Five former Eagles headed to Coppin Hall of Fame

January 30, 2013 | WNST Staff

BALTIMORE – The Coppin State department of athletics announced today its second Hall of Fame class. The six Hall of Fame members will be honored at a ceremony from 7-8 p.m. in Baltimore at the Forum Caterers on Friday, Feb. 1. The Hall of Fame class will also be honored during halftime of the Coppin State-Norfolk State men’s basketball game on Saturday, Feb. 2 at the Physical Education Complex.

 

The Hall of Fame class of 2013 includes men’s basketball coach Joseph Jones, men’s basketball coach Cyril Byron, men’s basketball player Colbert Carter, men’s basketball player Tony Carter, men’s basketball player Warren Hayman and men’s basketball player James Camphor.

 

“These men are being inducted for not only their playing and coaching careers at Coppin State, but for their enormous contributions to the community,” said director of athletics Derrick Ramsey. “We take great pride in honoring and recognizing the special talents displayed by our Hall of Fame members during, and after, their time at Coppin State.”

 

Joseph Jones was the head men’s basketball coach at Coppin State from 1965-70. He led the Eagles to their first-ever conference championship in 1967-68 when Coppin State captured the Potomac Intercollegiate Conference title. A Baltimore native, Jones taught at Coppin State from 1965-85 and retired as the Head of the Department of Health, Physical Education and recreation in 1985. He earned his bachelor of science degree from West Virginia State in 1950, his master’s degree from New York University in 1961 and his doctorate from Maryland in 1973. Jones served in the United States Army and retired as a United States Army Reserve warrant officer. He later joined the Maryland State Guard and retired with the rank of Full Colonel. He also had a book published, Requiem for an Ugly Man.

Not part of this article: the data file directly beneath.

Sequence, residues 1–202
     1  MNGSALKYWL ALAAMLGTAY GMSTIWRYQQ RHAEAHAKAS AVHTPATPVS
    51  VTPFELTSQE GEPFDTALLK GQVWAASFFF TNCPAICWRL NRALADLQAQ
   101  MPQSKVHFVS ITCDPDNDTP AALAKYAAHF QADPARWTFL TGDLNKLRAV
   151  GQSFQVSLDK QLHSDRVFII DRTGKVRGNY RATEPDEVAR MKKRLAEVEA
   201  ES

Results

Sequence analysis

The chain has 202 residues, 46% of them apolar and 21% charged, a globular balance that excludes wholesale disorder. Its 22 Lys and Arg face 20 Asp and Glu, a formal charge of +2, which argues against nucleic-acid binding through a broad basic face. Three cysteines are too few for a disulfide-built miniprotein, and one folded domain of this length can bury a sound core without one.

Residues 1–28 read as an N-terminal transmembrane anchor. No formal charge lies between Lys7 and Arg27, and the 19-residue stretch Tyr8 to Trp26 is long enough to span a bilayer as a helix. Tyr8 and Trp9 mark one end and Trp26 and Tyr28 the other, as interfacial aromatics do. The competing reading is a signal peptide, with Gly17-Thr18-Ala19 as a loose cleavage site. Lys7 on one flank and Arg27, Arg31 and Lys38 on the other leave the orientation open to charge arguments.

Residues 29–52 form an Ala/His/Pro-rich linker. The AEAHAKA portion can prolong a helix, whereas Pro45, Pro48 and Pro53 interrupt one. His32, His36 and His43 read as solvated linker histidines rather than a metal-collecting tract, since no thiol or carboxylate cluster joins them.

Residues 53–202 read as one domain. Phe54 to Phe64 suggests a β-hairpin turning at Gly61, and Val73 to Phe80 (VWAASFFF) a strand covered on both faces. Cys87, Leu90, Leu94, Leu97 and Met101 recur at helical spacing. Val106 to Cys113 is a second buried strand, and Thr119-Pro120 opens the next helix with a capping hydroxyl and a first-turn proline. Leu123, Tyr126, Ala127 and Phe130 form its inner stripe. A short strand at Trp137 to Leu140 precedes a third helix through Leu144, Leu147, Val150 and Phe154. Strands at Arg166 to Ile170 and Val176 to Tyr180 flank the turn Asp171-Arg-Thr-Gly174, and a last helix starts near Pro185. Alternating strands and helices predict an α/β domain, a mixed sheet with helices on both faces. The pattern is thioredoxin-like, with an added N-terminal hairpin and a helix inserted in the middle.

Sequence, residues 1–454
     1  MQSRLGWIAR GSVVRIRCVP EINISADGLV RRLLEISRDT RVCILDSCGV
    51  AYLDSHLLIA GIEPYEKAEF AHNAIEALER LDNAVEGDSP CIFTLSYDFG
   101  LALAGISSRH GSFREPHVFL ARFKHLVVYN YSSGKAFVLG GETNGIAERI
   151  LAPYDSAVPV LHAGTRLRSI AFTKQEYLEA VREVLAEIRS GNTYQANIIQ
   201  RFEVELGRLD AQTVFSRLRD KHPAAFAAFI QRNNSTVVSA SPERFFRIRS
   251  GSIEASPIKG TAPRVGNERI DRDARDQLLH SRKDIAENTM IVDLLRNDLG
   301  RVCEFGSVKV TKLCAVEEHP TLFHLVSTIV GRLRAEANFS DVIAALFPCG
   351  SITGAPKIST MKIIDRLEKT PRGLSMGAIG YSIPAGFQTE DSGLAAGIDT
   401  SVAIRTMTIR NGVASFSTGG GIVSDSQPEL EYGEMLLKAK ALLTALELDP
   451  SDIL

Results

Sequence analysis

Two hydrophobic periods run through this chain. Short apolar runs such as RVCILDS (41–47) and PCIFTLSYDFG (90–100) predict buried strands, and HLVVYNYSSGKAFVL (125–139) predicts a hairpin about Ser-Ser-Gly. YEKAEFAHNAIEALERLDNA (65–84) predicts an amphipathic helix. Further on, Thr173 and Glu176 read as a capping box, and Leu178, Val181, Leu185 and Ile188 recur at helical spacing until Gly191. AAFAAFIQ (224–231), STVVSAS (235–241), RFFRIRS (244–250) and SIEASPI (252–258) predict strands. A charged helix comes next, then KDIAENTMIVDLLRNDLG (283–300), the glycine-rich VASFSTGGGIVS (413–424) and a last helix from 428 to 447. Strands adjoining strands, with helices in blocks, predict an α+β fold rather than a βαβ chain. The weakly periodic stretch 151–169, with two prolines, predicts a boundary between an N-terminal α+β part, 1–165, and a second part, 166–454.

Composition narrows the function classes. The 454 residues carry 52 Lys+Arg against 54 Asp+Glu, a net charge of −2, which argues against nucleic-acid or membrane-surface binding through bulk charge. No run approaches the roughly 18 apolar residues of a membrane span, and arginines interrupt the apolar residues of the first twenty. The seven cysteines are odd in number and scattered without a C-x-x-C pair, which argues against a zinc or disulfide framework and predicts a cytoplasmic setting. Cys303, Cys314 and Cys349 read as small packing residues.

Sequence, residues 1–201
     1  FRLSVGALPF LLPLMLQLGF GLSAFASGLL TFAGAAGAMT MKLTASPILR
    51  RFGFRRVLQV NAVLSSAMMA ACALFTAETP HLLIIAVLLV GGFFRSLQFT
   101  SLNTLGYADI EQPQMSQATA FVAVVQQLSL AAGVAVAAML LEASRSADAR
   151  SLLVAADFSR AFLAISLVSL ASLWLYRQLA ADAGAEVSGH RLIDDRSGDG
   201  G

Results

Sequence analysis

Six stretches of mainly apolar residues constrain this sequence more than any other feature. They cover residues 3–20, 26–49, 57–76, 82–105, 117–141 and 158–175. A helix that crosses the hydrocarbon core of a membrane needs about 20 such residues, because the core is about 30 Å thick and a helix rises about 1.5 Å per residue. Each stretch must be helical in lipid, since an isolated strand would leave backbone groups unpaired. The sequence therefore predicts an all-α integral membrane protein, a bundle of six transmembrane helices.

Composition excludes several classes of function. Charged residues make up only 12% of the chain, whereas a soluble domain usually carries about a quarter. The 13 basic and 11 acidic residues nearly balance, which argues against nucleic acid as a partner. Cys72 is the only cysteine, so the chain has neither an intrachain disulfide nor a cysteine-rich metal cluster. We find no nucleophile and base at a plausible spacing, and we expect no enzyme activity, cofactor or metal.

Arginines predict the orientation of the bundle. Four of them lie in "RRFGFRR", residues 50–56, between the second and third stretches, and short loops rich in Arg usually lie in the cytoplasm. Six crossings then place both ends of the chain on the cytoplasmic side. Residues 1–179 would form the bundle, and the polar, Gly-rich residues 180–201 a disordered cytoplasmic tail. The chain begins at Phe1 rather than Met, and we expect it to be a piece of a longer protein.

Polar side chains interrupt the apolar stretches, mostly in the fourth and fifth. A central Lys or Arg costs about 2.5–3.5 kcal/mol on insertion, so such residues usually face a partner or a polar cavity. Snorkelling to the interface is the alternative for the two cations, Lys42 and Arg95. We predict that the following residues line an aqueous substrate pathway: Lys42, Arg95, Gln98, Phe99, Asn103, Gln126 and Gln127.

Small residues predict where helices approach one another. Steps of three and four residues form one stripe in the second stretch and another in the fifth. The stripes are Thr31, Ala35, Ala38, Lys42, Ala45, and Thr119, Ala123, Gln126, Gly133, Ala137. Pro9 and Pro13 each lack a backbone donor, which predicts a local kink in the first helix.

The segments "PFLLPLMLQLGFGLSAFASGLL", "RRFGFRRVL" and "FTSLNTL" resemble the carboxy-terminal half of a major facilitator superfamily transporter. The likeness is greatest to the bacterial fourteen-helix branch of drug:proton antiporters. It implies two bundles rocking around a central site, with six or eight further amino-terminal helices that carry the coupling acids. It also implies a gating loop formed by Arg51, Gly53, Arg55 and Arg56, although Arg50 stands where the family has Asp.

Cyril Byron served as the head men’s basketball coach and athletic director at Coppin State. He spent 23 years at Coppin State where he served as the Chairman of the Science and Mathematics Department, Dean of Education and the President of the Faculty Senate. He later served as an administrator at the Community College of Baltimore from 1976-1985. Byron was the athletic director and the Associate Dean of the Division of Natural Sciences, Health and Physical Education. Prior to his time in the academic world, Byron proudly served his country as a member of the United States Army Air Force 99th fighter squadron, the first, and at the time the only, black Air Force unit. The 99th fighter squadron is popularly known as the Red Tails.